BTL: What are you most proud of in terms of the “gets” that you landed for this series?
Romano: In many ways, the people we go through the casting process with are the triumphs for me, and Lukita was someone I had seen on the HBO show Generation. She stood out to me, and as I was going through the submissions on Breakdown, when her picture came up, I was like, ‘Oh my god, Lukita Maxwell, that’s amazing.’ She happens to be represented by a friend of mine who is her manager. So when we got her tape, it was just everything we needed it to be, mostly because there was no teenage angst involved. Everything was played so real and so beautifully, and it was tough stuff from the second episode and her scene with Harrison on the park bench.
Benner: Also, at the end of the day, watching things come together, I loved the collection of patients that we ended up with. We had no idea, and it was much more nebulous initially, with writers trying to figure out how often they were going to use people. Were they going to be through the whole series? Were they going to come in and out? We were also trying to get great people, but you have this whole thing in our business with the people being co-stars versus guest stars. Some people won’t come in unless it’s a guest star.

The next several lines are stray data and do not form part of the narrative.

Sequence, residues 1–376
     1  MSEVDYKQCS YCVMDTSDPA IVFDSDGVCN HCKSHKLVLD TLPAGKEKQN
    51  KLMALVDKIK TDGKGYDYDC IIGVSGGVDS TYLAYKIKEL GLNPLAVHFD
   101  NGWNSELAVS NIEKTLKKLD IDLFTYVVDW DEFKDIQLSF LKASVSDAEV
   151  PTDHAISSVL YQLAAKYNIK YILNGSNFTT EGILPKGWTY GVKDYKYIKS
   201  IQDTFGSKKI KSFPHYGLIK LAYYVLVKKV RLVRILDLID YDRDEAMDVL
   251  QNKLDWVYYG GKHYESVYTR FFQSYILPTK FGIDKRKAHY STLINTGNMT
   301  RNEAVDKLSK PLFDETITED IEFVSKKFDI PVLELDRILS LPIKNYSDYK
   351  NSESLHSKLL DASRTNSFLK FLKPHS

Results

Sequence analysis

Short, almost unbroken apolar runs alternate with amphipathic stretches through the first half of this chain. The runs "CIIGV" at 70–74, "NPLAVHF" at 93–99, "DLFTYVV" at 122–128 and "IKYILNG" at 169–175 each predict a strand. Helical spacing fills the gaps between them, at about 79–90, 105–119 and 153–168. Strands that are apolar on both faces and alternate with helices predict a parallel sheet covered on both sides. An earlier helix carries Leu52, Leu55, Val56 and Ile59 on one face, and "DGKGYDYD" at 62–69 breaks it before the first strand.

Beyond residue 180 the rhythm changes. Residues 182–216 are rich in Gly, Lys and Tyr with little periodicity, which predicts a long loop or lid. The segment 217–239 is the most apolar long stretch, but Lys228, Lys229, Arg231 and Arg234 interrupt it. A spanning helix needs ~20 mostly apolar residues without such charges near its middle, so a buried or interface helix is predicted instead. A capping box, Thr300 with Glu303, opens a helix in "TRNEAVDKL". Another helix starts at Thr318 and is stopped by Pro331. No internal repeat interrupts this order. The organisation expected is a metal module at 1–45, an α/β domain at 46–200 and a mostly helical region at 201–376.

Also, there’s such great satisfaction beyond what we do to [just] say, “these people are great” when you’re watching their tapes, and then when you hear things from producers [who] say, “We love these actors,” that’s kind of the greatest affirmation — to know that they’re happy, because you want your producers to ultimately be happy.
BTL: What strengths have you discovered in your partnership over the years?
Romano: Brett went to Carnegie Mellon. He was an actor, and he has an amazing ability to speak to the actors and not only speak their language, but to pull out of them their essence and the best that they could give, and I just love watching him do that. Part of what is hard now is that we do this virtually and don’t get to sit on a couch right next to each other. But we’re doing the best we can virtually.
Benner: I work with literally the most organized, detail-oriented person in the world, which is an incredible asset because I am not that person. She has a memory like a steel trap, and she watches everything. I also just feel like we balance each other so well. You have your freak-out moments, whether it’s not being able to find someone to cast. You know, there are so many facets to it. But I feel like we’ve been really lucky to be able to balance each other out when one person’s up and the other’s down, and vice versa. We both said repeatedly the last few years that, you know, as we slowly start to age, I can’t imagine doing this alone. It’s a partnership, you know? She’s my work wife, and I’m her work husband, and we rely on each other so much, even for little things, and I value that tenfold.
The Season 1 finale of Shrinking will be available to stream on Apple TV+ on Friday, March 10. The series has already been renewed for Season 2.